An in situ study on the solid state decomposition of ammonia borane: unmitigated by-product suppression by a naturally abundant layered clay mineral†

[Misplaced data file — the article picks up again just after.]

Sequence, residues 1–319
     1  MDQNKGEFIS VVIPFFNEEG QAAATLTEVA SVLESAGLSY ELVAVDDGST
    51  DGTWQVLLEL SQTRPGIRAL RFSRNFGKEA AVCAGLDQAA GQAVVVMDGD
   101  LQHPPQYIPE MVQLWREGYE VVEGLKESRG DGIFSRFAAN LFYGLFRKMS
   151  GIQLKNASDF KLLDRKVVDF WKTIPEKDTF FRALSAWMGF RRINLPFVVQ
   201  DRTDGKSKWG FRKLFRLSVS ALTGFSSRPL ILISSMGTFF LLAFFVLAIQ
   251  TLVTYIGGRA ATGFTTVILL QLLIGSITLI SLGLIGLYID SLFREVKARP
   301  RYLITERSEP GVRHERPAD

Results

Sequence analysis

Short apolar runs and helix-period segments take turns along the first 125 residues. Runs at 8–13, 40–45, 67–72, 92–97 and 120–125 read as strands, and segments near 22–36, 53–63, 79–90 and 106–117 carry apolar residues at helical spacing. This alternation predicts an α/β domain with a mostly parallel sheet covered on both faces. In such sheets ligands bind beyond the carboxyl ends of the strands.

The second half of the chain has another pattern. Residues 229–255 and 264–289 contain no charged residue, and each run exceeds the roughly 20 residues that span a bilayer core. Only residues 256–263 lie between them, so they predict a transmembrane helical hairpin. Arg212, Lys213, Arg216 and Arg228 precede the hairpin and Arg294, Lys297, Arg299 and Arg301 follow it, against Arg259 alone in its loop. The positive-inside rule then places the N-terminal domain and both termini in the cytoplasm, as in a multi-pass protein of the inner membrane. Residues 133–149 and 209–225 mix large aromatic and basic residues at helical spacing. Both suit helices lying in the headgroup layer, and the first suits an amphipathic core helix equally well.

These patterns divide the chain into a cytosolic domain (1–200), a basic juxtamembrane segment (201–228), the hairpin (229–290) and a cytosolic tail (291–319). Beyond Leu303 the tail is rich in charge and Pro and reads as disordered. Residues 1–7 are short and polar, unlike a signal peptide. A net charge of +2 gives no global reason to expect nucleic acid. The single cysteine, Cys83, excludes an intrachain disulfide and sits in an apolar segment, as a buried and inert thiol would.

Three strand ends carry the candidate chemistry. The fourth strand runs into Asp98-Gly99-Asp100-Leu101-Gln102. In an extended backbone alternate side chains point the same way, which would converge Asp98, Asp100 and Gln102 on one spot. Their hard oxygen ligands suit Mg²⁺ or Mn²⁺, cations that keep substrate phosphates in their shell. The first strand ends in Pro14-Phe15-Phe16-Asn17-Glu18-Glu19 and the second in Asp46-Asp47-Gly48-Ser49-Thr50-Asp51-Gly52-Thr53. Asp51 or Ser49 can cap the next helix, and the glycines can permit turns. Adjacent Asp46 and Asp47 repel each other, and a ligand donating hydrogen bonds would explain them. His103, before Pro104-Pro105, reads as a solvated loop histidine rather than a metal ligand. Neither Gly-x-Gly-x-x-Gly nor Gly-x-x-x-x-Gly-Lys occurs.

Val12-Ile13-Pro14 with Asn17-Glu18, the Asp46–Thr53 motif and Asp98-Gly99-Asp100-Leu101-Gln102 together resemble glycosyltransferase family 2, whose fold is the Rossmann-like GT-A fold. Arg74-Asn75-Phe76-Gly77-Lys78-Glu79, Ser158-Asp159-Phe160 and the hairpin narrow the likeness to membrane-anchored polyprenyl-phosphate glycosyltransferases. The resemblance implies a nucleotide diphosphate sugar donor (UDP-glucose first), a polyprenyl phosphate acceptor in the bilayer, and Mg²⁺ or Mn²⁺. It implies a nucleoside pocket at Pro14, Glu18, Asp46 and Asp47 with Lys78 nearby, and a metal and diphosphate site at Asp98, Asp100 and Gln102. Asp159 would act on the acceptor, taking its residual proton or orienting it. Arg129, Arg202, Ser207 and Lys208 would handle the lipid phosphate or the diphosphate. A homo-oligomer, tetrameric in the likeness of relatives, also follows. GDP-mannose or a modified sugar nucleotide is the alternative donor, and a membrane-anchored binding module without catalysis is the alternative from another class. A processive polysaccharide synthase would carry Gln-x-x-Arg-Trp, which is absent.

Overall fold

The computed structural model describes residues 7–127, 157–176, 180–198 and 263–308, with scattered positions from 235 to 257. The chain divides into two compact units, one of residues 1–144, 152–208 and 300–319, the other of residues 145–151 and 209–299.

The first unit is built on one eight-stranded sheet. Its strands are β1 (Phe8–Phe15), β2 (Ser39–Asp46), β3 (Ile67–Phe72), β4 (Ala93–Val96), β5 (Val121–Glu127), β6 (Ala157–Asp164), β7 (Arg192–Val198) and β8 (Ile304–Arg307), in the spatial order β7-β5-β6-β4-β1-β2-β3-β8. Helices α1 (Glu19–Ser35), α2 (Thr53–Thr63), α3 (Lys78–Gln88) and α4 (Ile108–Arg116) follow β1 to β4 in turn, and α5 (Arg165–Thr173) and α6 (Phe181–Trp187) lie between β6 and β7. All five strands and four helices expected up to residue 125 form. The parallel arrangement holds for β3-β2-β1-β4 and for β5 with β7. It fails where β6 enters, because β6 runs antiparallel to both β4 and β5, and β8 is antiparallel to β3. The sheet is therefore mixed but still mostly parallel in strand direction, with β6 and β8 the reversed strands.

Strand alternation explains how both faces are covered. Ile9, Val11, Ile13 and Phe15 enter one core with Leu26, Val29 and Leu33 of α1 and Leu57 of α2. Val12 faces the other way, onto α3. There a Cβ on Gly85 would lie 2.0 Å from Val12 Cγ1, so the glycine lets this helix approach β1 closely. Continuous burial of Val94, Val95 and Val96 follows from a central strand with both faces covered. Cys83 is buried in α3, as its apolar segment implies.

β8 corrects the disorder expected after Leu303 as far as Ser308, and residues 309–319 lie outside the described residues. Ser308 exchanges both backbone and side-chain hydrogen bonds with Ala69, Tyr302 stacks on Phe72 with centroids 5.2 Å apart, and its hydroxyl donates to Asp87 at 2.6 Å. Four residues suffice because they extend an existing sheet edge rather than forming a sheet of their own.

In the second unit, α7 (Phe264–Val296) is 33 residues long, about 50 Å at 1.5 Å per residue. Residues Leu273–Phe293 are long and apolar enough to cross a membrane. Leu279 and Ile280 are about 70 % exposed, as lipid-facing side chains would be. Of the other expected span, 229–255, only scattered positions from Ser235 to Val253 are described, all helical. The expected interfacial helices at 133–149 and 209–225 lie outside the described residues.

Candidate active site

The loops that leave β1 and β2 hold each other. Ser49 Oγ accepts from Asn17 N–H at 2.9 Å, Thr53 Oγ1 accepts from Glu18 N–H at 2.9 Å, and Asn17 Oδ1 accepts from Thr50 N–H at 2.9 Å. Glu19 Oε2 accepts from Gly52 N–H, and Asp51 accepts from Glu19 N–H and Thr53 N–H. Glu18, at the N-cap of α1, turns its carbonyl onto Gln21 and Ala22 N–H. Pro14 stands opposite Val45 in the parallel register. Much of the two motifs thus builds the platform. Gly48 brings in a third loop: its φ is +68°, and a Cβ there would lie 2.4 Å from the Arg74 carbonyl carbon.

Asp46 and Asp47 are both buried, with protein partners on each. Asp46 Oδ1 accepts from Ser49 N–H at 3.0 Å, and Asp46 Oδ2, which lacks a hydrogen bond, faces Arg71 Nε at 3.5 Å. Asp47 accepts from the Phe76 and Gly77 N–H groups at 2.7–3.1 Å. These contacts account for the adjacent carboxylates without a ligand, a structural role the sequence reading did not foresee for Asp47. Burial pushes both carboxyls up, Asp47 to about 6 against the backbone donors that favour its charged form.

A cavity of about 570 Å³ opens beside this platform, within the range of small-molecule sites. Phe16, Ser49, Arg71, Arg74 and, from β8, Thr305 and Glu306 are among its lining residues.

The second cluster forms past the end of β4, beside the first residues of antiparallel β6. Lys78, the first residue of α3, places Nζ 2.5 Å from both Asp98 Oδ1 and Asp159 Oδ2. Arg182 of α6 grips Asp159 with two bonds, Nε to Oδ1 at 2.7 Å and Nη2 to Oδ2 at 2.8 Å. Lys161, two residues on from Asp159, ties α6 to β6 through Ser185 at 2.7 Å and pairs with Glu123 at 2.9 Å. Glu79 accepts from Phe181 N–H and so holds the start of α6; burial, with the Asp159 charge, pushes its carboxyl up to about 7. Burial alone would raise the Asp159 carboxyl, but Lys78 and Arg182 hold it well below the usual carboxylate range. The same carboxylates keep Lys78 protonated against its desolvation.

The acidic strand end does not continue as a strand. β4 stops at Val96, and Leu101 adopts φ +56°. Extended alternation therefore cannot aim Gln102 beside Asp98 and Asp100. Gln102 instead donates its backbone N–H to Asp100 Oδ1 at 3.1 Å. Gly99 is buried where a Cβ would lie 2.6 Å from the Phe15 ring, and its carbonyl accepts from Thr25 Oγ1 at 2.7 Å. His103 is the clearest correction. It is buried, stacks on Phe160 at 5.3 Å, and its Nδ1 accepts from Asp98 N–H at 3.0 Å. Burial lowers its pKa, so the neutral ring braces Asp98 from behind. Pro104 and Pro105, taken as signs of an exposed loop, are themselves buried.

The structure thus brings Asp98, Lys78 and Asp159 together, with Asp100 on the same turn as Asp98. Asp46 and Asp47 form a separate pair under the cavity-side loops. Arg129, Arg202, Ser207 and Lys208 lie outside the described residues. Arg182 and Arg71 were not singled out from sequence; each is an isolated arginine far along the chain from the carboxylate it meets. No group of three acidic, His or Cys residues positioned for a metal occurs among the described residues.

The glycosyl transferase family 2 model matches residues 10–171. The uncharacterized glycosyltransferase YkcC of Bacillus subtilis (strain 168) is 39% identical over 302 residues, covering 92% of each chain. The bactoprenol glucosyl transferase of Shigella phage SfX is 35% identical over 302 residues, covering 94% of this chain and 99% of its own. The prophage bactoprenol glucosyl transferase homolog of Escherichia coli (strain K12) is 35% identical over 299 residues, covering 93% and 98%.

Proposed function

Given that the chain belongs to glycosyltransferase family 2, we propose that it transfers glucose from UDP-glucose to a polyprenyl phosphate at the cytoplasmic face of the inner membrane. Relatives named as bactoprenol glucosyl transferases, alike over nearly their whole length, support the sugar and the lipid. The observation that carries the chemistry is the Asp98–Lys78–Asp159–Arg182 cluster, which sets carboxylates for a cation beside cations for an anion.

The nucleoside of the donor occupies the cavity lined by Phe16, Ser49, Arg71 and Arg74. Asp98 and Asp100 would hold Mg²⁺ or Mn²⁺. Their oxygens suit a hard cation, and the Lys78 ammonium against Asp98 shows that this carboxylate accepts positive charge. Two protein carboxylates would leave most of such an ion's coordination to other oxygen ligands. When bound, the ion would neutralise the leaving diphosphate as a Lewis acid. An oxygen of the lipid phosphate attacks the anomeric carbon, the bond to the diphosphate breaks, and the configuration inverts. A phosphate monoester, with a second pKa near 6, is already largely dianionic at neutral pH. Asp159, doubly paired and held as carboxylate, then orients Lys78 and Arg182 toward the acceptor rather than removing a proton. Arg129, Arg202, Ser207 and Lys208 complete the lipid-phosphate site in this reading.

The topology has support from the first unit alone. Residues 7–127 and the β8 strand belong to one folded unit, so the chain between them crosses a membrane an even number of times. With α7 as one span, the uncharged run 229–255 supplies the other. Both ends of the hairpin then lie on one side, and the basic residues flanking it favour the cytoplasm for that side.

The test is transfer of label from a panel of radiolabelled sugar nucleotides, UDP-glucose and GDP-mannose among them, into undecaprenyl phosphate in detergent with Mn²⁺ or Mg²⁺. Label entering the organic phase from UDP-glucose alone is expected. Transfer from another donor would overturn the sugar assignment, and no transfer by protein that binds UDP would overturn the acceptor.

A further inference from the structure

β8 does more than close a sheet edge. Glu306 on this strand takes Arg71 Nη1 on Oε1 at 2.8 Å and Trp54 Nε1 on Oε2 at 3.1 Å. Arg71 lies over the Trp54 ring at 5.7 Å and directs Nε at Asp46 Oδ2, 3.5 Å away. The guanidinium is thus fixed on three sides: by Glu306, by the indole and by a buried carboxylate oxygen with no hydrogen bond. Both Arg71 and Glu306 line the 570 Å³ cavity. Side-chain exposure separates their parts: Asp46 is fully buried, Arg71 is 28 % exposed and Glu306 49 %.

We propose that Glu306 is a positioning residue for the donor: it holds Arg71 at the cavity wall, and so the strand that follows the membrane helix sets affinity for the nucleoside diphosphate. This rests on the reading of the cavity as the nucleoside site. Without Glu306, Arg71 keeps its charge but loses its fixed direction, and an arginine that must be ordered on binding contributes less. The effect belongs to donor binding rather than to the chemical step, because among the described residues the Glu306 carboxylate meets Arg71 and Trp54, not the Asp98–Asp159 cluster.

Borazine is a by-product often encountered in the thermal decomposition of ammonia borane, which leads to an inescapable hindrance towards sustainability and cost effectiveness. In this study, a low cost, low surface area clay mineral, bentonite, was modified and introduced as a support material. Bentonite (42.4 m2 g−1) revealed decomposition characteristics comparable to previously reported high surface area (usually 700–1000 m2 g−1) support materials. In addition, borazine formation from bentonite supported ammonia borane was observed to be completely eliminated. Extensive size strain analysis (Williamson–Hall and Warren–Averbach) indicated that the crystalline parameters were observed to be a considerable factor affecting the dehydrogenation reaction along with the high surface area. However, using in situ XRD and MS characterization, the supported decomposition was attributed to a facile pathway, which was dominated by DADB formation. The proposed pathway justifies the borazine elimination and more steady hydrogen release from AB.